The level of respect and admiration I had for the people I was joining was beyond that of anything I had experienced in the corporate world. I could see their passion, their hard work, the fire in their eyes and the determination in their hearts. I knew, from previous experiences, that if there was anyone in this industry who I wanted to work for and with, that it was James. I also knew that when Donna told me that the transition from a very corporate setting to an innovative and family run business was going to be tough, it was because she had been there herself and because she was genuinely willing to do everything she could to see me through it. I wanted to succeed for myself, of course, but my will to succeed for them was just as strong. There was no way I was willing to let them down.
I bought in, I have drunk the Kool-Aid! The concepts, the values, the methods of the business – I was hooked, I love the model. I wanted to scream it from rooftops. In addition to my love for their approach, they made it their mission to make me, and my family, part of their family. Without consciously thinking it through, I started using words like “our”, “us” and “we” instead of Keynote, and they.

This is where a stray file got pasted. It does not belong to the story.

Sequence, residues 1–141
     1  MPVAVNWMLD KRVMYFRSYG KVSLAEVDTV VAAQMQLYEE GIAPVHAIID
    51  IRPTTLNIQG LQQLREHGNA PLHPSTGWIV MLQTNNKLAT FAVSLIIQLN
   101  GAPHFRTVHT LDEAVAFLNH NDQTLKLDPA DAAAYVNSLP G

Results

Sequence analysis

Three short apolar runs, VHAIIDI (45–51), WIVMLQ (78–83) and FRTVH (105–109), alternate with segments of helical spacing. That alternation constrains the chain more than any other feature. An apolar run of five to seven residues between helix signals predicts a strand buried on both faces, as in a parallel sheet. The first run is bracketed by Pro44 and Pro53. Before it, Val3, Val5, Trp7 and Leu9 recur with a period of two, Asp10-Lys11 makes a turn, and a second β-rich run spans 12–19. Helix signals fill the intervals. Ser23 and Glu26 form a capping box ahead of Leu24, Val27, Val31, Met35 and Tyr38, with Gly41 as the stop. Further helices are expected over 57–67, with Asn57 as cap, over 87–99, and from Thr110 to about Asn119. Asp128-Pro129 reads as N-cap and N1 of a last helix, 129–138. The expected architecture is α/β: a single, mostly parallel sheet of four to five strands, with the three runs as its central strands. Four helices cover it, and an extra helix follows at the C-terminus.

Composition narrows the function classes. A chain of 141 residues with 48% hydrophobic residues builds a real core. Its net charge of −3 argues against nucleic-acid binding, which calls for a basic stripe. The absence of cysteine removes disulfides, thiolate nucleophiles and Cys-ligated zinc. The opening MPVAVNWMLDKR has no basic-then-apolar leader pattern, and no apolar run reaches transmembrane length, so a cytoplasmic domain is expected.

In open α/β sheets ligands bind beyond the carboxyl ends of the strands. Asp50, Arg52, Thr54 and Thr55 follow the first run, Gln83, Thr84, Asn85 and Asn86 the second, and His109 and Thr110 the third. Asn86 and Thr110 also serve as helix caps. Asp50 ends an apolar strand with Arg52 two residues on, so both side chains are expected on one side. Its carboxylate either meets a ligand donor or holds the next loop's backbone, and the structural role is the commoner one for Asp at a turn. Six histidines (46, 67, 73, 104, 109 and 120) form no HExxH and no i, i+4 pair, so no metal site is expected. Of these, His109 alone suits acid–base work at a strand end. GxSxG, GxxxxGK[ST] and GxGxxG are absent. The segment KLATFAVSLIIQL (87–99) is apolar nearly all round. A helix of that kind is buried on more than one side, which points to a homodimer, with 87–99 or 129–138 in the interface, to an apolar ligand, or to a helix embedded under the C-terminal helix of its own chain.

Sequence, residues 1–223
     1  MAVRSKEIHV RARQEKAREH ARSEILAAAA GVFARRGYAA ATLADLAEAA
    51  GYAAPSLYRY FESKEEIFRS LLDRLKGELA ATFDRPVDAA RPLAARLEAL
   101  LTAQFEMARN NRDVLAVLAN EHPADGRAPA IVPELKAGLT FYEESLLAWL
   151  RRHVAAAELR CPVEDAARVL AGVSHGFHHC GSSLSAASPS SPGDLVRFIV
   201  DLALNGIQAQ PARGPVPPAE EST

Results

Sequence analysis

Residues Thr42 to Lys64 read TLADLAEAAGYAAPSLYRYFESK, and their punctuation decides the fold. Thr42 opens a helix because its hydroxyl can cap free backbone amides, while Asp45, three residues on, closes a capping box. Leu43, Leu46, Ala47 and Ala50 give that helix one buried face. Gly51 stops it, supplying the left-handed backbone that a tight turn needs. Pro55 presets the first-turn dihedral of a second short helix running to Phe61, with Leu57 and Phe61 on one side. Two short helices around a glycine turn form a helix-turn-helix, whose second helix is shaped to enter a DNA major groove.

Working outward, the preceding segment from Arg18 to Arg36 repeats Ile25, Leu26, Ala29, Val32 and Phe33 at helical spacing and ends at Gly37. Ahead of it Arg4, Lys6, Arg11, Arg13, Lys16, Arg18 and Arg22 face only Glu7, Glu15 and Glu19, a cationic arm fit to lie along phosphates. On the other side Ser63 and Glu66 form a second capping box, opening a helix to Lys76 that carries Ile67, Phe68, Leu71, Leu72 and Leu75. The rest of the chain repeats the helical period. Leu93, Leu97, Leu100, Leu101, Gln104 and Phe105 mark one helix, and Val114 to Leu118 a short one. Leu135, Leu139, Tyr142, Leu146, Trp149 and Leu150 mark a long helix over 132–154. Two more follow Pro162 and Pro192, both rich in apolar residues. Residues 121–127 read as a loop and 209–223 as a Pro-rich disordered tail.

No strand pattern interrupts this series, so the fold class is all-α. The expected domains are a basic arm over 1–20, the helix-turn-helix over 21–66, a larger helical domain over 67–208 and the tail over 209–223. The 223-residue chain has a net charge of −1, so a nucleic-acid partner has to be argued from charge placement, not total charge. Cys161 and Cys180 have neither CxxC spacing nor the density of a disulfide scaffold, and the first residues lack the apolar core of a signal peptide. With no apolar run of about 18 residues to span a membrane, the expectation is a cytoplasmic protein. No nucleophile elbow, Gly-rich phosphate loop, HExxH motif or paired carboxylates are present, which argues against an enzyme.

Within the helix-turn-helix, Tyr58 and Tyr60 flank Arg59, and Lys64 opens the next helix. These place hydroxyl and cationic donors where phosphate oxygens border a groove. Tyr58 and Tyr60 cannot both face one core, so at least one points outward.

There have been moments of clarity along the way, moments of small celebration, simple moments of affirmation that this was the best decision of my career. Some days are absolute chaos; 12 to 14 hour workdays, back to back interviewing, sourcing and screening until my brain can’t put the words on my screen together any more. But with all this said, I have never had as much fun working as I do now. I have never been more proud to be a part of a company than I am to be with Keynote Group. I am apart of a team that has more passion than I could ever put into words and all the right reasons for doing what we do for our clients.
Someone recently asked me why I hadn’t made the decision to start my own recruiting boutique, rather than working for Keynote Group. My answer surprised even me, when I was quick to say “When you would rather work for a company you love, and for people you respect, more than you’d rather work for yourself, you know you’ve made the right decision!”
Here is to all that is still ahead in our journey together; we can’t wait to share it with you.